The University of Oregon Tuition and Fee Advisory Board is hoping that a burrito bar will encourage students to attend a forum on Tuesday. The event, which will take place at 6 p.m. in the EMU’s Redwood Room on Jan. 15, will be focused on student input about tuition.
After a presentation about the university’s financial challenges for the next year, TFAB members will speak to students in small groups about their personal experiences and opinions about tuition, according to discussions at last Friday’s TFAB meeting. TFAB members expressed their hopes that other university administrators, including trustees, senior staff and state officials will also be present to hear from students.
Imani Dorsey, the ASUO internal vice president, has been working with TFAB and ASUO leaders to plan Tuesday’s forum. Students’ personal stories, she said, are critical to helping university leaders understand the challenges students face with tuition.
“When you’re able to get a lot of students in one place, with very diverse kinds of stories, but also really powerful stories, I think those are most impactful to the decision-makers and really expose how real the problem is on our campus,” Dorsey said. “It gets lost how much our students are suffering. It makes this place feel real again.”
The tuition process and university funding are confusing topics, said Dorsey, so she encourages students to come to the forum with any and all questions they have about the process, including things like financial aid, mandatory fees, student resources or course fees.
One of those confusing topics is the university’s "cost drivers" for the next year: the total increase in the university’s “education and general” costs like employee salaries and retirement benefits.
Students commonly think that tuition covers expenses like athletics or building new buildings on campus, Dorsey said, but those are actually funded in other ways, like private donations and state bonds.
At a TFAB meeting last week, UO Chief Financial Officer Jamie Moffitt showed members a summary of the university’s cost drivers for next year. Before she did, she warned the group that it was “probably larger than any number I've put up in front of a TFAB ever before.”
That number, $32.4 million, represents the “gap to fill” in the university’s budget for next year, and includes projections of increased costs and reduced state funding.
The big question for university leaders is how to fill that gap. Since at least 2006, according to TFAB data, at least part of the solution has been to raise the price of tuition.
At this point, it’s nearly impossible to predict how much of an increase might fill the gap. The university has to wait and see which version of the state budget the legislature will pass, an answer that might not come until after classes start in the fall, Moffitt said.
At last week’s TFAB meeting, Moffitt showed members some possible scenarios with a tuition increase calculator. The numbers were, as she described them, “depressing.”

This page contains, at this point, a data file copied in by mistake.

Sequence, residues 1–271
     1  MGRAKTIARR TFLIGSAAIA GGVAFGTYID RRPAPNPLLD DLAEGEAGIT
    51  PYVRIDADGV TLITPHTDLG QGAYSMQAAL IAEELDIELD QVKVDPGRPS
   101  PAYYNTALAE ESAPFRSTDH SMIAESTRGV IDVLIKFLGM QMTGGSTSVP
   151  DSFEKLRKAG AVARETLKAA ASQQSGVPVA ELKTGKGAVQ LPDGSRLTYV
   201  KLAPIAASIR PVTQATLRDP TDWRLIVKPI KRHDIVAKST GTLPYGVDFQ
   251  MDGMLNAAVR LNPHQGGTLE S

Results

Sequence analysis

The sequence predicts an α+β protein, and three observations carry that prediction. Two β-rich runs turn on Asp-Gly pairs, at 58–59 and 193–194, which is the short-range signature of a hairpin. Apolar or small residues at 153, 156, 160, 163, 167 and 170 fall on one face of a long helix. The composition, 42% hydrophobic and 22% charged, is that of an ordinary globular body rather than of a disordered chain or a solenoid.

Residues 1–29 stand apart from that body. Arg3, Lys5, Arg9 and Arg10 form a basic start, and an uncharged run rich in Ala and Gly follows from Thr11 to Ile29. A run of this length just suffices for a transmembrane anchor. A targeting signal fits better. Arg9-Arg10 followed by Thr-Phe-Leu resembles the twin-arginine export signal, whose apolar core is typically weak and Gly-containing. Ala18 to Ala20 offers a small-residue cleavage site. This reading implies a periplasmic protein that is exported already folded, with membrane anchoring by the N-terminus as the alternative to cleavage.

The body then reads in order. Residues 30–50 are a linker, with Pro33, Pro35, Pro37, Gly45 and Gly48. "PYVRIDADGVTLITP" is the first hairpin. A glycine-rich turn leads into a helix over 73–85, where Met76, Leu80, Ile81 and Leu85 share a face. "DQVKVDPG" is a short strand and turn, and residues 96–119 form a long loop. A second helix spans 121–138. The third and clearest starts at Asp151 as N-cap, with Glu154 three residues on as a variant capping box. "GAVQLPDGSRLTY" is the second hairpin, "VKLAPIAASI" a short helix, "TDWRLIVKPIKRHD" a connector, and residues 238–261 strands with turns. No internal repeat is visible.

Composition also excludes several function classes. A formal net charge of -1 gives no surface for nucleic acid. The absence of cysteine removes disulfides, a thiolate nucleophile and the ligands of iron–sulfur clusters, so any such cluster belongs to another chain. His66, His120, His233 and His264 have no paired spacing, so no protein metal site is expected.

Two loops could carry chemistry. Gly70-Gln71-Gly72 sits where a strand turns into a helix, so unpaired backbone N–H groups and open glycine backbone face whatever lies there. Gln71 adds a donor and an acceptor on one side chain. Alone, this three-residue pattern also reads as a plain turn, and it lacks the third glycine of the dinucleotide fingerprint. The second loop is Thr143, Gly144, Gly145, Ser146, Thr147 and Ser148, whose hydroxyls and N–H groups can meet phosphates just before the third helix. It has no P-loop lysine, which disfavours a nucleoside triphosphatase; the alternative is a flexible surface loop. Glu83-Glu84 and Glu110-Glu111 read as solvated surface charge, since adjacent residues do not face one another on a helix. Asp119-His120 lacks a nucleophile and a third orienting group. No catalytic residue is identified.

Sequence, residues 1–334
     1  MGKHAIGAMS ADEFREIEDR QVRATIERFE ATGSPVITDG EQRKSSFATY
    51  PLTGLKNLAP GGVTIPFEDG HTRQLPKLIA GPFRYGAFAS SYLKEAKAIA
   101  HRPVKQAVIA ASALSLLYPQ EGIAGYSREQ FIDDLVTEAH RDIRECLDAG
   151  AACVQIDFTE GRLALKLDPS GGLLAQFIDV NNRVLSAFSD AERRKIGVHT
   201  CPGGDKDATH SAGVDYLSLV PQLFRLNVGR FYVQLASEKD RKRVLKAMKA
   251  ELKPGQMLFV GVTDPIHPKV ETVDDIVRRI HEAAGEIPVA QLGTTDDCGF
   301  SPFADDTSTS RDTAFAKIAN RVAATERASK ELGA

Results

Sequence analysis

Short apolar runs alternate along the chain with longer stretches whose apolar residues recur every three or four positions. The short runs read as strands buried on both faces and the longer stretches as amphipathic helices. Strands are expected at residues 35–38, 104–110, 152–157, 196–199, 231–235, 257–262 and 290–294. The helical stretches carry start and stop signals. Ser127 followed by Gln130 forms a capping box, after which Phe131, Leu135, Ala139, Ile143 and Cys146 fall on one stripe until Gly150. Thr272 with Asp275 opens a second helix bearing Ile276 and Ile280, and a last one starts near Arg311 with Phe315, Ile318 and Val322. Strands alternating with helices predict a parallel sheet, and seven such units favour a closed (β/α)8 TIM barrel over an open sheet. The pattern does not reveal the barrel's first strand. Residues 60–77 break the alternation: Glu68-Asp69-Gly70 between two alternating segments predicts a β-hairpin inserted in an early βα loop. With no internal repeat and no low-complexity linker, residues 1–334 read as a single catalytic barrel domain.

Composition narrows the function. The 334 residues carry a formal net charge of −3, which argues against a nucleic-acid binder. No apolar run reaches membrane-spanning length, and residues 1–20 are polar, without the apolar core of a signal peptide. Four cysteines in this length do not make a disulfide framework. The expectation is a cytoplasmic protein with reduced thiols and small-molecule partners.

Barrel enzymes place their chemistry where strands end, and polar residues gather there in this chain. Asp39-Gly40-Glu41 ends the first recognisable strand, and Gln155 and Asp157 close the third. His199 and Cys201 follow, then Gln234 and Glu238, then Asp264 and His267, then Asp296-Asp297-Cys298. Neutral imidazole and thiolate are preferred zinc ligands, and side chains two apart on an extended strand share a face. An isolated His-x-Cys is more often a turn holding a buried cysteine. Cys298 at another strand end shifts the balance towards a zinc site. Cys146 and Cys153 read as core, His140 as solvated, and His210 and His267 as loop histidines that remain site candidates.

In one sample scenario, which assumed more students will enroll at UO next year and the state funds the university at the current level, a tuition increase of $1,800 per year for full-time residents and $990 for full-time non-residents wouldn’t cover all of the increasing costs.
Raising tuition, Dorsey said, isn’t how the university should respond.
“I really want [tuition decision-makers] to think about what a tuition increase symbolizes. It comes with a lot of connotations about who’s privileged here and who the university wants here.”
Instead, Dorsey hopes the TFAB will find “creative solutions” to the problem. One of her ideas is to encourage donors to the university to donate funds to tuition affordability instead of athletics or “to get their name put on a building.”
Both university and student leaders can agree on at least one thing: if the university is going to avoid a major tuition increase this year, it needs increased state funding.
“This is a rare occasion that we're actually on the same page about it,” ASUO President Maria Gallegos-Chacon told TFAB members at last week’s meeting in response to the state’s proposed budget.
The plan is to take students, faculty and administrators to the state capitol in the spring to speak with legislators about the need for state support and the challenges of rising tuition.
“Students and faculty,” Moffitt told TFAB members, “those are the two most persuasive voices in Salem.”
The student tuition forum will take place Tuesday, Jan. 15 at 6 p.m. in the EMU Redwood room. The catered event will last between 60 and 90 minutes.
Any students and staff are invited to the OSA Lobby Day at the capitol on Mar. 8. Transportation, food and class excuse letters will be provided.
Students who can’t attend Tuesday’s forum or are interested in lobbying at the capitol should contact the ASUO tuition advocate at [email protected] or ASUO Internal Vice President Imani Dorsey at [email protected].